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Books and literature about Dag Hammarskjöld


Hammarskjöld, D. (1963)   Albert Bonniers Förlag

Dag Hammarskjöld himself describes Markings as “the only true ‘profile’ that can be drawn”. Markings consists of short diary-like notes, prose and haiku poems.

The texts are in the same order and form as Hammarskjöld himself left them. Notes and explanations can be found in the end of the book.

The dating begins in 1925 and the last entry was written a few weeks before his death. Markings is not a book that you can rush through, since each paragraph requires reflection.

Markings is a true classic. Since its discovery in 1963 it has been translated into a number of different languages.


Urquhart, B. (1972)   Alfred A. Knopf

Hammarskjold came out in 1972 and is a very comprehensive biography of Dag Hammarskjöld. In the nearly 600 pages the reader gets a detailed insight into Dag Hammarskjöld’s life during his years as UN Secretary-General and how the political events of that time developed.

The book is written by Brian Urquhart, diplomat and former co-worker of Hammarskjöld in the UN. Urquhart had complete access to Hammarskjöld’s private papers when the book was written.

Hammarskjold is a must have for all who seek in-depth knowledge about Dag Hammarskjöld.

Who Killed Hammarskjöld?

Williams, S. (2011)   Hurst & Company

Historian Susan Williams takes a fresh and unbiased look at what caused Dag Hammarskjöld’s plane to crash. In addition to looking at the theories presented by the official inquiries, she also discovers new leads. Quotes from the book:

[…] entitled ’ORDERS’, the following emerged: […] ’Hammarskjöld should be removed. […] I want his removal to be handled more efficiently than was Patrice [Lumumba].’ (p. 198)

’Pilots don’t react like that,’ said Peterzén […] ’If you get a problem with an aircraft, the first thing you do is to get up to a stabilized altitude. If you’re not already down, you certainly don’t choose to go down, not for any price.’ (p. 189)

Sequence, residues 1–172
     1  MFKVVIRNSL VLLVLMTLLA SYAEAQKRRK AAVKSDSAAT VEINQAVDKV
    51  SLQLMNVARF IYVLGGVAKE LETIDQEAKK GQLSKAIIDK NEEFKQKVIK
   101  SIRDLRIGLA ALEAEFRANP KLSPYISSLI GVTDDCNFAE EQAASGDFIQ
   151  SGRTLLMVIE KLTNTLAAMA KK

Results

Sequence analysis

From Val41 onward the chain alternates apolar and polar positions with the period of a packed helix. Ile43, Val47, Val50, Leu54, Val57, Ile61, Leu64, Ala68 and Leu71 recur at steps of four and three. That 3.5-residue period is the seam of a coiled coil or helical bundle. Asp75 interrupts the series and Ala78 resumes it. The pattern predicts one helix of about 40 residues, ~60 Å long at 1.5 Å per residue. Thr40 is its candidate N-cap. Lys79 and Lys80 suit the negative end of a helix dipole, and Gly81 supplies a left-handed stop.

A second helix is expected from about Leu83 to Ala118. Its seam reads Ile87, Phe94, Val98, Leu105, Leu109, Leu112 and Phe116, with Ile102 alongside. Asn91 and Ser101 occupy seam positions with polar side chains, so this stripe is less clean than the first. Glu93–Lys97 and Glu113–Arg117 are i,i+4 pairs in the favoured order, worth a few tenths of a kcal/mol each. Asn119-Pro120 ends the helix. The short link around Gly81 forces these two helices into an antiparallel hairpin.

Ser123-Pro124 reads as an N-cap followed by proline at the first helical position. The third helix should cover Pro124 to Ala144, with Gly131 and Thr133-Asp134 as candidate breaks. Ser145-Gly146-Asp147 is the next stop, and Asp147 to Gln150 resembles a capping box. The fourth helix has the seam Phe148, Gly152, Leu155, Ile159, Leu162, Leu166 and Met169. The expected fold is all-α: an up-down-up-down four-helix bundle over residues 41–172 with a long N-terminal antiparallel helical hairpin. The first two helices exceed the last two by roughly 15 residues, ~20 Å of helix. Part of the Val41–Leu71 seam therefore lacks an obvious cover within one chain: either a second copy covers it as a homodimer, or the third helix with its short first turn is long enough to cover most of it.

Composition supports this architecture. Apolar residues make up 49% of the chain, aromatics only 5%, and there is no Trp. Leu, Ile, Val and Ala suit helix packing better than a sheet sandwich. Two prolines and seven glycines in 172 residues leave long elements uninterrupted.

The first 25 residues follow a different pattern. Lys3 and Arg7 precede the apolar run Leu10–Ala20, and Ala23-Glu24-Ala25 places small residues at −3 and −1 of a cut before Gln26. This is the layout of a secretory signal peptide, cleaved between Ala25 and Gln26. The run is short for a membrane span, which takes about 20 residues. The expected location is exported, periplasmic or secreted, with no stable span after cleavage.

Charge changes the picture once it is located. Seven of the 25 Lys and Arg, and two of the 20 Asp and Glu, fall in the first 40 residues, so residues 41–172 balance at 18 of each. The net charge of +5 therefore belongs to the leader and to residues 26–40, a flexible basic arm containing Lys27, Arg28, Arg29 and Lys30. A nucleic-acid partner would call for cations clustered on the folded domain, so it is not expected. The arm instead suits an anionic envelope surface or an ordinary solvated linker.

Is it relevant to investigate Hammarskjöld’s death half a century later? – Yes, because the world has changed. Although many of the key players have died since, there are still many witnesses alive who were afraid or unable to speak up at the time. Those who did speak up were in many cases labelled as untrustworthy for preposterous reasons, such as the colour of their skin.

A String Untouched: Dag Hammarskjöld’s Life in Haiku and Photography

Falkman, K. (2006)   Red Moon Press

”The camera has taught me to see”, Dag Hammarskjöld once wrote. A String Untouched provides an insight into another side of Hammarskjöld’s life.

The author Kaj Falkman has selected a number of Hammarskjöld’s photographs and haiku poems and written comments and explanations for them. The haiku poems are found in Markings, but the black and white photographs taken by Hammarskjöld have rarely been published.

The beautiful photos combined with a clean layout make this book superb as a gift, even for somone who is not familiar with Dag Hammarskjöld.

”Too often our learning, our knowledge, and our mastery are too much concentrated on techniques and we forget about man himself.”